Heal Wounds Faster

Raise your hand if you love blueberries! Us too!

They taste great, are packed with vitamins, and have a very low glycemic impact. They’re a perfect sweet fix for just about everyone, no matter what your health challenges… but that’s not all!

It seems those little blue superfood orbs of deliciousness may hold the key to treating wounds.

A recent study has found that an extract in the fruit can increase regeneration in hard-to-heal wounds.

Researchers from the University of Maine say that blueberries, which contain phenols, natural compounds that act as antioxidants to prevent or reverse some forms of cell damage, help blood vessels grow and cells migrate, which are crucial to healing wounds. They treated wounds on a group of mice with a phenolic extract from wild blueberries. The results proved promising. 

The researchers previously showed that the extract improved vascularization and cell migration in human umbilical cord cells. They presented their latest research on live wounds in Philadelphia at the American Physiological Society’s (APS) annual meeting at Experimental Biology 2022.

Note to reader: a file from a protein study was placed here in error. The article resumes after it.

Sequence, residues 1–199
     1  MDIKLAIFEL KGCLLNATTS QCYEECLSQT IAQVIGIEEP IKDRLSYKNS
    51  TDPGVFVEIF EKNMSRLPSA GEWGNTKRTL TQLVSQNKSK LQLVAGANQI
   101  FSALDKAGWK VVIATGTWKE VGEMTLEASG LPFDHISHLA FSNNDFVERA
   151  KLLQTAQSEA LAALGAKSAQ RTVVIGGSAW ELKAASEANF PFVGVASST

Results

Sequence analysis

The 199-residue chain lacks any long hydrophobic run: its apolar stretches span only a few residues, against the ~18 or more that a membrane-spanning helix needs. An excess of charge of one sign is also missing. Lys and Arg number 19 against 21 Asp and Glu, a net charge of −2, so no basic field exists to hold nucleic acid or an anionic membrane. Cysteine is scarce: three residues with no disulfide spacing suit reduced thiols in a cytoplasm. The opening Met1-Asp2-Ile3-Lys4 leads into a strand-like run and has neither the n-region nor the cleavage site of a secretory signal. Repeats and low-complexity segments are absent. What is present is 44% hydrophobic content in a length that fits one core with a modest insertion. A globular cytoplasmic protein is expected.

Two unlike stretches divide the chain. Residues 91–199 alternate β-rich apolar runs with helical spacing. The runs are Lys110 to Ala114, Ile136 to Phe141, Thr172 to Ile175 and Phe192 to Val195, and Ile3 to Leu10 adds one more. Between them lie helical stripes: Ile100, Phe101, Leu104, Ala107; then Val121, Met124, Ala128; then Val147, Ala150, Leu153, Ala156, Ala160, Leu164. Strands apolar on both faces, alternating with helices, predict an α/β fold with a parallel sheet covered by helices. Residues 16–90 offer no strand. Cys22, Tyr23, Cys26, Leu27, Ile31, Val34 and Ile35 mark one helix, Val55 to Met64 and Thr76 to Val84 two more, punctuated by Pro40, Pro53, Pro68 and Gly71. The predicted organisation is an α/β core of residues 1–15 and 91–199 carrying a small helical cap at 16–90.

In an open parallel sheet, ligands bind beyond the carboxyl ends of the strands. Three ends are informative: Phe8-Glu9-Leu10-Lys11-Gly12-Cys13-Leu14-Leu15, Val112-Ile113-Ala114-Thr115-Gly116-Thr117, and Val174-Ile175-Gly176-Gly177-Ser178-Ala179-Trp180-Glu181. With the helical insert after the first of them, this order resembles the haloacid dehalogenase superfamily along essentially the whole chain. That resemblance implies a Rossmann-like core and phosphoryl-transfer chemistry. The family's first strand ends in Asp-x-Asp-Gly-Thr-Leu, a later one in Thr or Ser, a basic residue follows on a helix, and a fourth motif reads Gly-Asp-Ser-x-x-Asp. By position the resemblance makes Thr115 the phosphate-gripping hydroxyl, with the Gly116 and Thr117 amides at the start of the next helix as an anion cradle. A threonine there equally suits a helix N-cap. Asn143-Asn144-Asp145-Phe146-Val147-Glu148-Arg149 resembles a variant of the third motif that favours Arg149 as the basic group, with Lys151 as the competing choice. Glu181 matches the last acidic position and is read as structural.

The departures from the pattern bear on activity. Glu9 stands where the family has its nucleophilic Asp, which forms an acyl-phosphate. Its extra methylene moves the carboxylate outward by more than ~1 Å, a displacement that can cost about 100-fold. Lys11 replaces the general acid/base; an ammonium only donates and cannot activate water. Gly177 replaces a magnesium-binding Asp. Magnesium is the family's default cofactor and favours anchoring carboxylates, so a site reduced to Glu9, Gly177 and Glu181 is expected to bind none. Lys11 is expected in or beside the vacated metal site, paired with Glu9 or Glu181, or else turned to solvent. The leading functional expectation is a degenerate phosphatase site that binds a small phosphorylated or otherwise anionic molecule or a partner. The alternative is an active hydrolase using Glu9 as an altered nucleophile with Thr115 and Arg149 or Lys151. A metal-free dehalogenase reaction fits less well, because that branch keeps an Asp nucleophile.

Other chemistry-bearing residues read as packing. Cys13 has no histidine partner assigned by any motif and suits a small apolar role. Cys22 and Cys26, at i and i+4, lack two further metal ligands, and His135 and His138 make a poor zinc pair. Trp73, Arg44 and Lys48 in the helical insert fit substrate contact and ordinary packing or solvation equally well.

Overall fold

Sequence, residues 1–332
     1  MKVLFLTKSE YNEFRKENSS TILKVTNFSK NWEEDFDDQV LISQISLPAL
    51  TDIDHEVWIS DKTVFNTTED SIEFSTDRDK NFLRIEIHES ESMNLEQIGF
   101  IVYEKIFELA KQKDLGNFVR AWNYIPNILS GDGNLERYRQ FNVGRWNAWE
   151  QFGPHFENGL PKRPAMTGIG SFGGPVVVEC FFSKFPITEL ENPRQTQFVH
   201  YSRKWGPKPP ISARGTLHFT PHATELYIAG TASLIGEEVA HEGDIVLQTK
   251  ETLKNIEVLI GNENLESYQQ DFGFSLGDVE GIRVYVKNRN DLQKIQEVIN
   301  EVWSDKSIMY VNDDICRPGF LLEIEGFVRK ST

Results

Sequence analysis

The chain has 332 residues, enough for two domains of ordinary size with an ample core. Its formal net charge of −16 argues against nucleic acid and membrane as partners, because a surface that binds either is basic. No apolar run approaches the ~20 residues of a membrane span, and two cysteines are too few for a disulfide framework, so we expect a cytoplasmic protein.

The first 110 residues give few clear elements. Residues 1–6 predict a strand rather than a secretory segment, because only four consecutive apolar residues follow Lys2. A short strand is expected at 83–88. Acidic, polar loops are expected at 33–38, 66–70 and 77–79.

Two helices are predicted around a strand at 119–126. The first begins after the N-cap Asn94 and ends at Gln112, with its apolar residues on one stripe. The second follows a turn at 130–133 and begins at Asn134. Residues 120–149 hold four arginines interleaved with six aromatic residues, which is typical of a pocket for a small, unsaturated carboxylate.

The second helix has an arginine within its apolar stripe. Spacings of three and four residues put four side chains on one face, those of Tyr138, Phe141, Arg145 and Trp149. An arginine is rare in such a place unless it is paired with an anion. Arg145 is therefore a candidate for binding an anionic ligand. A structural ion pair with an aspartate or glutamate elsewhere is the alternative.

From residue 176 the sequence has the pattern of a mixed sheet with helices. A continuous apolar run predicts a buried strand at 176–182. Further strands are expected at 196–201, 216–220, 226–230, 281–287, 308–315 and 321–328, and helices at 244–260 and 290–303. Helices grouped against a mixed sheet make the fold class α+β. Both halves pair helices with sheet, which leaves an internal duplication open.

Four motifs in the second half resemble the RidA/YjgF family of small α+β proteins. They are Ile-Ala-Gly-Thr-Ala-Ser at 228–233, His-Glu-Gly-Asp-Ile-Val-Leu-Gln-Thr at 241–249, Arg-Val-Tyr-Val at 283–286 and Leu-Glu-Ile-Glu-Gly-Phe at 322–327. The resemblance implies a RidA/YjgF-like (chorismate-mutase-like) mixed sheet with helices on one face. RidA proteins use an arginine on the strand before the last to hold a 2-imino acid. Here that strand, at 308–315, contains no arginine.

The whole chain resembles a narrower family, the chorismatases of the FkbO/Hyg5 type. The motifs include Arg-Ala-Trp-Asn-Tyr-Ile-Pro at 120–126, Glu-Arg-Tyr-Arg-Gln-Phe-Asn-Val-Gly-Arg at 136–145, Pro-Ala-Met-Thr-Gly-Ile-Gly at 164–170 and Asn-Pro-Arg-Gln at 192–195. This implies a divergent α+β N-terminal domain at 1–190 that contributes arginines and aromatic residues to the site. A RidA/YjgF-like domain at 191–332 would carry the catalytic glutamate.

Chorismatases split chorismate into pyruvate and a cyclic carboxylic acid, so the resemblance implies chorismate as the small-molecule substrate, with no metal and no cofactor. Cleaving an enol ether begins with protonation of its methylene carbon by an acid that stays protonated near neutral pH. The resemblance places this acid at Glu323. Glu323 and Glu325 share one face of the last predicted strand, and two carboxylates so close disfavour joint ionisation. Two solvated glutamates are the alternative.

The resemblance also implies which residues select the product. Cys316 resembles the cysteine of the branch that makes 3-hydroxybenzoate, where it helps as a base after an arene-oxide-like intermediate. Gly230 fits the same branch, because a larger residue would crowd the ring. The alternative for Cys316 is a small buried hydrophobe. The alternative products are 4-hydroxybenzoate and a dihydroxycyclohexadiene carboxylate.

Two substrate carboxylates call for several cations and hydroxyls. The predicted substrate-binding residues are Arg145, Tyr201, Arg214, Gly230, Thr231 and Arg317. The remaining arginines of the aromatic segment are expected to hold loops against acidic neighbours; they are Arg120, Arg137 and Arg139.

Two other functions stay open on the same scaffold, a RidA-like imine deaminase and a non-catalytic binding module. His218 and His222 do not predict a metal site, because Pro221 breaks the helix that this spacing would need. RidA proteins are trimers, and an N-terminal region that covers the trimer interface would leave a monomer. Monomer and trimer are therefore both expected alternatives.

The study compared animals treated with a base gel that did not contain the phenolic extract to a control group that received no treatment. The researchers found that the group treated with the blueberry extract showed improved migration of endothelial cells to the wound site. They also experienced a 12% increase in wound closure.

Doctors frequently classify burns, diabetes-related sores, and pressure ulcers as “nonhealing” due to the reduced vascularization or development of nutrient-rich blood vessels.

In a media release, first author of the study and doctoral student Tolu Esther Adekeye said, “Wild blueberries have the potential to enhance cell migration, new blood vessel formation (angiogenesis), and vascularization and to speed up wound closure. This is especially important in conditions that require enhanced wound closure in patients with chronic wounds such as diabetic wounds, burns, and pressure ulcers.”  

Blueberries aren’t just good for healing wounds… They’re great! But, even if you don’t have to deal with wound care, you may want to grab a handful (or cupful) of blueberries anyway. Not only are they a delicious snack, but they could also help prevent heart disease, regulate blood sugar, improve vision, and soothe stomach discomfort

It’s good to be blue. Eat your rainbow!

Sources:

https://www.webmd.com/diet/features/superfoods-everyone-needs
https://www.healthline.com/health/what-is-phenol
https://www.ncbi.nlm.nih.gov/pmc/articles/PMC6259146/
https://www.experimentalbiology.org/
https://www.eurekalert.org/news-releases/947505
https://www.sciencedaily.com/releases
https://www.ncbi.nlm.nih.gov/pmc/articles/PMC5187542/
https://www.aarp.org/health/conditions-treatments/info-2019/
https://www.medicalnewstoday.com/articles/317027

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